admurphy02 says2015-03-02T18:21:59.453
Japan was not to attack the USA. They just lost almost their entire navy. In invasion the USA is impossible without a functional navy fleet. Allies could invade Japan or drop atomic bombs. Invasion would cost an estimated 1.5 million USA troop causalities. Rather than dropping 2 atomic bombs and Japan's surrender. Estimated 22 million Japanese civilian causalities in the invasion. In the long run, this saved about 23 million lives.
admurphy02 says2015-03-02T18:22:35.490
Credit to my friend we worked on this together
StevensSA says2015-12-07T22:24:14.233
As mentioned above...The United States was close to winning the war through conventional means. Some historians have agrued (convincingly) that the dropping of the atomic bomb was more a
Demonstration of destruction aimed at a red army the the United States was growing concerned with.
Altoria says2016-03-18T00:12:35.353
The Generals all agreed that Japan was going to surrender to the firebombs anyway.
And they weren't gonna invade USA. GET YOUR FACTS STRAIGHT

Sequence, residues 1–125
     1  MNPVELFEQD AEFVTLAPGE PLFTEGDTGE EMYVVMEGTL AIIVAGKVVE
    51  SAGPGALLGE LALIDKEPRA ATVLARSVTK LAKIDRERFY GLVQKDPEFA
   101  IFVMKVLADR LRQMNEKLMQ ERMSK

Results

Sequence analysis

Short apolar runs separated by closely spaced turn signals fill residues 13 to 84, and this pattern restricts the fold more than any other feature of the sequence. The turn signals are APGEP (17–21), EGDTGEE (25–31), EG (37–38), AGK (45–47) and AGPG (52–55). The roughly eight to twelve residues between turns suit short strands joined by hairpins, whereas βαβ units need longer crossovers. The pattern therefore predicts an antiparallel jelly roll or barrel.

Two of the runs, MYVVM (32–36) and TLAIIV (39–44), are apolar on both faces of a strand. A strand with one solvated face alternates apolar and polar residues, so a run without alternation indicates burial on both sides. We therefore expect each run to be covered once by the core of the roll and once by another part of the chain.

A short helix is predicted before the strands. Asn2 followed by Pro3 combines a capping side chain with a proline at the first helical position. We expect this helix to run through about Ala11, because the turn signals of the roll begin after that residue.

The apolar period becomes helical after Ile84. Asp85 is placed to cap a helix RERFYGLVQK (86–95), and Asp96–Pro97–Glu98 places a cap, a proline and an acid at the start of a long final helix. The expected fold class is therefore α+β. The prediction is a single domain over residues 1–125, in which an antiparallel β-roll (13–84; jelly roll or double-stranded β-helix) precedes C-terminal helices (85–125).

Evildrpepper24 says2016-05-16T20:58:16.190
"War doesn't determine who is right, it determines who left!" That famous quote stays true to it's name and so does war, I agree it was justified because clearly they barely had anyone left!!! XD
seas04 says2017-05-31T01:49:55.757
Writings... Talks, words, thats how you solve war, you don't have to win war, preferible to stop it, but ego is what made the U.S drop it!!
But you weren't as biased, congrats to that, you tried not to be
seas04 says2017-05-31T01:50:06.160
Writings... Talks, words, thats how you solve war, you don't have to win war, preferible to stop it, but ego is what made the U.S drop it!!
But you weren't as biased, congrats to that, you tried not to be.
Hamsterking says2017-12-15T17:07:39.067
Ur all gay
osia1974 says2018-05-08T13:19:15.323
Losing the war in 1945 was not even a remote possibility. The US had infinite supply of the machinery of war. The only limit to the US war machine has been and coninues to be the will of the American people.
bosco3202 says2018-12-19T20:43:59.457
A) not running out of supplies
b)the Japs couldn't have invaded the US
c) words don't stop bullets @seas04
jeffrey1667 says2019-04-15T18:07:07.400
I agree it was justified, But the Japanese were never going to invade us in 1945. They were already on there last legs, But were defending their country to their last breath.